let the thing invent itself

January 12, 2018

Pedro Otero - Deshumanización del hombre

I knew very early on that I wanted to be a writer. I mean, when I was a child I knew that…

…I think it is important to make a detailed plan before you write the first sentence. Some people think one should write, “George woke up and knew that something terrible had happened yesterday,” and then see what happens. I plan the whole thing in detail before I begin. I have a general scheme and lots of notes. Every chapter is planned. Every conversation is planned. This is, of course, a primary stage, and very frightening because you’ve committed yourself at this point. I mean, a novel is a long job, and if you get it wrong at the start you’re going to be very unhappy later on. The second stage is that one should sit quietly and let the thing invent itself. One piece of imagination leads to another. You think about a certain situation and then some quite extraordinary aspect of it suddenly appears. The deep things that the work is about declare themselves and connect. Somehow things fly together and generate other things, and characters invent other characters, as if they were all doing it themselves. One should be patient and extend this period as far as possible. Of course, actually writing it involves a different kind of imagination and work…

…I do enjoy it, but it has, of course – I mean, this is true of any art form – moments when you think it’s awful, you lose confidence and it’s all black. You can’t think and so on. So, it’s not all enjoyment. But I don’t actually find writing in itself difficult. The creation of the story is the agonizing part. You have the extraordinary experience when you begin a novel that you are now in a state of unlimited freedom, and this is alarming. Every choice you make will exclude another choice, so that it’s rather important what happens then, what state of mind you’re in and what you think matters. Books should have themes. I choose titles carefully and the titles in some way indicate something deep in the theme of the book. Names are important. The names sometimes don’t come at once, but the physical being and the mind of the character have to come pretty early on and you just have to wait for the gods to offer you something. You have to spend a lot of time looking out of the window and writing down scrappy notes that may or may not help. You have to wait patiently until you feel that you’re getting the thing right – who the people are, what it’s all about, how it moves. I may take a long time, say a year, just sitting and fishing around, putting the thing into some sort of shape. The I do a very detailed synopsis of every chapter, every conversation, everything that happens. That would be another operation…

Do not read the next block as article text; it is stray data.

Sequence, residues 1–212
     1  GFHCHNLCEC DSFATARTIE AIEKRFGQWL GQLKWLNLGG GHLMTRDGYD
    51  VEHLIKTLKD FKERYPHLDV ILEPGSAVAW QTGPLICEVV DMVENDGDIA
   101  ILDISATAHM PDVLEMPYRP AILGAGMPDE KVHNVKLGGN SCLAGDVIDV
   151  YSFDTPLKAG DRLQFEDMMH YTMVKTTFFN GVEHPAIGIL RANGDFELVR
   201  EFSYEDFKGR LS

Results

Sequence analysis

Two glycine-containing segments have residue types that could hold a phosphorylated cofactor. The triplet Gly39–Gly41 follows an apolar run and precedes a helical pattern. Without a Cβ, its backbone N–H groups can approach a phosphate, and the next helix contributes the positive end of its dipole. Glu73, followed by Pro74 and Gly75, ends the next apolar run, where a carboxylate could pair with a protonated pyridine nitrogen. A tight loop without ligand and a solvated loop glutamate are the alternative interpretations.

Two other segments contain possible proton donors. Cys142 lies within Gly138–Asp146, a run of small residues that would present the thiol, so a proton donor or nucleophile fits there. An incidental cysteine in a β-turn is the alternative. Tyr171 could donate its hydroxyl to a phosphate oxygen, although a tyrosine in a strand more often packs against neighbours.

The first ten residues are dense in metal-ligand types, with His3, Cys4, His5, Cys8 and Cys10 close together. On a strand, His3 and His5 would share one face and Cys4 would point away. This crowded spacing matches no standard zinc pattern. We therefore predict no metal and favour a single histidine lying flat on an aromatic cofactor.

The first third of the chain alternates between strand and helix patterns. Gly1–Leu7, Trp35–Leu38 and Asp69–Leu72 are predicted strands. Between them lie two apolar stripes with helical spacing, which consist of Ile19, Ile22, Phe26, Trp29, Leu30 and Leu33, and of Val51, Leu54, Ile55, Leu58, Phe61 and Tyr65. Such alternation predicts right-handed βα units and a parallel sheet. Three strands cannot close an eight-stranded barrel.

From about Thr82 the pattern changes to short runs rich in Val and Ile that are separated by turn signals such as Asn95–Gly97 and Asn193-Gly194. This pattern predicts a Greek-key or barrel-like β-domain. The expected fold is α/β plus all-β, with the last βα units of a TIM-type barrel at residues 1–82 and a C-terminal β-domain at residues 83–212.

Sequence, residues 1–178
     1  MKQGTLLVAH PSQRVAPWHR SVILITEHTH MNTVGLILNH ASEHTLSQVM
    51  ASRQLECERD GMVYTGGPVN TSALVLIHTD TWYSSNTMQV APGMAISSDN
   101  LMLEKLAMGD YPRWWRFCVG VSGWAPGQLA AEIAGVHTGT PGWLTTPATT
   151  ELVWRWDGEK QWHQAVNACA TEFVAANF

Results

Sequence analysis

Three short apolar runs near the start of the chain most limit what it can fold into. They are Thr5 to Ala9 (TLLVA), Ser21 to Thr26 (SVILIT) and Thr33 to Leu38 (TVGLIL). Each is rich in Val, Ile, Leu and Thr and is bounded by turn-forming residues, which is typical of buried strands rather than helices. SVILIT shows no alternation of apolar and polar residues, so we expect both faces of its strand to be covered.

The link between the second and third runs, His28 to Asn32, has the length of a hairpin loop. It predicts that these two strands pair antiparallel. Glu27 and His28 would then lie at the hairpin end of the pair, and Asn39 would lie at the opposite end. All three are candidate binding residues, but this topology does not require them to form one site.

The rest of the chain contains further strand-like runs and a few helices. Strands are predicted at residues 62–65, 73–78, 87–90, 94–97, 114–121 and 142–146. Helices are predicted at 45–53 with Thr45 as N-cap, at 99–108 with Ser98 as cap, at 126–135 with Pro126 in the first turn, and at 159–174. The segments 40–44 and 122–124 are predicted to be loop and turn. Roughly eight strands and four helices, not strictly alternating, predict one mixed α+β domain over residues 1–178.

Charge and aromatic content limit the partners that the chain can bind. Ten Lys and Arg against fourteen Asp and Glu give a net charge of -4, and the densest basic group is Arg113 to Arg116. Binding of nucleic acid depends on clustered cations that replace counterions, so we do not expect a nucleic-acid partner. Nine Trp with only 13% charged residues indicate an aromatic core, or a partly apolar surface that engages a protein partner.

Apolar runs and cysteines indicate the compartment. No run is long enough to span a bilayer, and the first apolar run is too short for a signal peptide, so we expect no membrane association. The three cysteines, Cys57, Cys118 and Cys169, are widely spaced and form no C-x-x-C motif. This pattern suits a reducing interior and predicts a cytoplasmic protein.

Iris Murdoch
Interview with Jeffery Meyers in Paris Review summer 1990

ugly or grotesque

January 6, 2018

I believe when I am in the mood that all nature is full of people whom we cannot see, and that some of these are ugly or grotesque, and some wicked or foolish, but very many beautiful beyond any one we have ever seen, and that these are not far away when we are walking in pleasant and quiet places. Even when I was a boy I could never walk in a wood without feeling that at any moment I might find before me somebody or something I had long looked for without knowing what I looked for.

W.B. Yeats
The Celtic Twilight

Oh, something is there, waiting for me. Perhaps someday the revelation will burst in upon me and I will see the other side of this monumental grotesque joke. And then I’ll laugh. And then I’ll know what life is.

Sylvia Plath
The Unabridged Journals of Sylvia Plath

breathe slowly

January 4, 2018


What are our lungs supposed to do? If they breathe fast they suffocate themselves from inner poisons; if they breathe slowly they suffocate from unbreathable air, from outraged things. But if they try to search for their own rhythm they perish from the mere search.

Franz Kafka
Drowning of the fat man
Description of a Struggle

An Evening with Ray Bradbury

December 28, 2017

To learn the truth

December 19, 2017

For things to reveal themselves to us, we need to be ready to abandon our views about them.

Thich Nhat Hanh